Guest post By Maureen Gorman, Editor at Progressive Business Publications
Over the last few years, many companies have become leaner, using the mantra: “Do more with less.” Unfortunately, that often means employees who already have full workloads need to keep taking on more. As a manager, how can you help staffers handle additional tasks without burning out?
Here are five strategies to ease the pain:
1. Cut back on nonessential work
Before giving employees more work, look at the tasks they’re already doing.
Are there ways to streamline some of their work – or do away with nonessential tasks?
One way to find out: Ask staffers what wastes their time.
Chances are they’ll have some good ideas – from shortening meetings to reducing unnecessary paperwork.
That’ll open up time for them do take on more critical tasks.
2. Ask for their preferences
Of course, employees will probably still end up busier. But they’ll be less likely to mind if they’re doing work they like.
That’s why it’s a good idea to get some input before assigning tasks. Ask employees to send you a list of their top three favorite tasks.
Then try to give them the work they’ve chosen.
Employees will be less likely to complain because they’ve been given some input. Plus, they’ll feel less stressed about doing their favorite tasks, and will likely get it done more quickly and easily.
Of course, some tasks are going to be more popular than others.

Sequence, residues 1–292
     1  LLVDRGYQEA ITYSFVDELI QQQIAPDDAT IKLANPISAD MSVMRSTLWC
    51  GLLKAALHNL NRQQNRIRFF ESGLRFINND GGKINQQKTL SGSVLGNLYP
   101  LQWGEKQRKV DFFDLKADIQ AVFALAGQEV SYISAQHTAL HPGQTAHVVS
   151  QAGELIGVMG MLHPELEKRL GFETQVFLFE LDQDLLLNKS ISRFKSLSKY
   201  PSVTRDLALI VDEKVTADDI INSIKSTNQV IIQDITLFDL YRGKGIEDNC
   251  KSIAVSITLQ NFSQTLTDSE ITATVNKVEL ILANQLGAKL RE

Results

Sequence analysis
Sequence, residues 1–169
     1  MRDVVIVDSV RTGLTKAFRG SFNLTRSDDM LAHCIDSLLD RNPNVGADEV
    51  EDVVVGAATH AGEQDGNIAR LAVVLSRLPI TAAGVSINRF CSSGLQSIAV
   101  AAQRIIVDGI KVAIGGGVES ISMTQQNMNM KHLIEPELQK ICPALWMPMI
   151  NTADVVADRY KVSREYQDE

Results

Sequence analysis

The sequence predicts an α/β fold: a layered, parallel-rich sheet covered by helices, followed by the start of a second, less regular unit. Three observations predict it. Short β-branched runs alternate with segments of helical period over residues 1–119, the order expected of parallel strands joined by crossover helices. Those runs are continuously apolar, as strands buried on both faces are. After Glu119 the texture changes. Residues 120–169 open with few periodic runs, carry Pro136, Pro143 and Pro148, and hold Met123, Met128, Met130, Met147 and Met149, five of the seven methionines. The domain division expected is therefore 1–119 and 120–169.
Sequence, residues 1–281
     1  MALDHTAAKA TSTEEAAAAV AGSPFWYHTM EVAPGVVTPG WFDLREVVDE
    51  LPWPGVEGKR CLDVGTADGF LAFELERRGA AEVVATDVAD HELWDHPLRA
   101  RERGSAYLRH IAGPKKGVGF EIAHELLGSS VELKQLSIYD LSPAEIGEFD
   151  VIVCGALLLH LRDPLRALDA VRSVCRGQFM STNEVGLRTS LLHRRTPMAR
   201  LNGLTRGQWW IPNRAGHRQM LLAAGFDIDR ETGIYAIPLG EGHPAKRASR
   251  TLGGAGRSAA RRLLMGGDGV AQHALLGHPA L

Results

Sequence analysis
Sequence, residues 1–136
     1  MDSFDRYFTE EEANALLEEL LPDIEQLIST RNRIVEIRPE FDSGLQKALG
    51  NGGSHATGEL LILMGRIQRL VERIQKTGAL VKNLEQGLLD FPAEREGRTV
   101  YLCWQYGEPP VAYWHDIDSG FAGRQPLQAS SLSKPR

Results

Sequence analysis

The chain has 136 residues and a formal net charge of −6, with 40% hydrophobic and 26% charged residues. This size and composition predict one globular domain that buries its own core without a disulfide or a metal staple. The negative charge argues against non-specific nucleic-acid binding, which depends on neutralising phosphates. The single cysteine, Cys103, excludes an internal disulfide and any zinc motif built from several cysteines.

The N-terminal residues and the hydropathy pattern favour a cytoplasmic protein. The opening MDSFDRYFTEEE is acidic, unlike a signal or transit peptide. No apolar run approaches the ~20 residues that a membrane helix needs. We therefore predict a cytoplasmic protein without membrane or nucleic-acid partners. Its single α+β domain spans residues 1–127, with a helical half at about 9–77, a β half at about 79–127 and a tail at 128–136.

That’s why it’s important to try to keep things fair.
If someone feels they got stuck with a less desirable job, mix it up and give them first choice next time.
You can even let them talk among themselves about how to divide the jobs evenly.
3. Pitch in
Most managers are already overloaded as well. But pitching in to help employees is almost always worth the time it takes.
Even small efforts will be appreciated. It makes employees feel they’re not on their own – and shows that everyone’s working harder.
4. Give ‘Do Not Disturb’ time
Most people could get a lot more done if they didn’t have to stop to handle so many interruptions.
That’s why you may want to consider using a “Do Not Disturb” policy.
When someone has a critical project to complete, authorize “Do Not Disturb” time. That means the employee can turn off the phone and tell co-workers not to interrupt them for a certain time period.
Ask staffers to let you know if they feel this time would benefit them.
Tip: Be sure to encourage them to turn off email notifications – one of the most common interruptions.
5. Share information
If employees have taken on additional duties due to layoffs or expansions, they need to see there’s a light at the end of the tunnel.
Let them know how the company’s doing overall, and when they’ll expect to shoulder a normal workload again.
Employees may not be happy about doing extra work temporarily. But they’ll be more likely to understand it if they can see the big picture.
About the Author: Editor with Progressive Business Publications, Maureen Gorman has more than 10 years of business writing experience. Learn more about PBP’s popular internship program by visiting Progressive Business Publications Internships.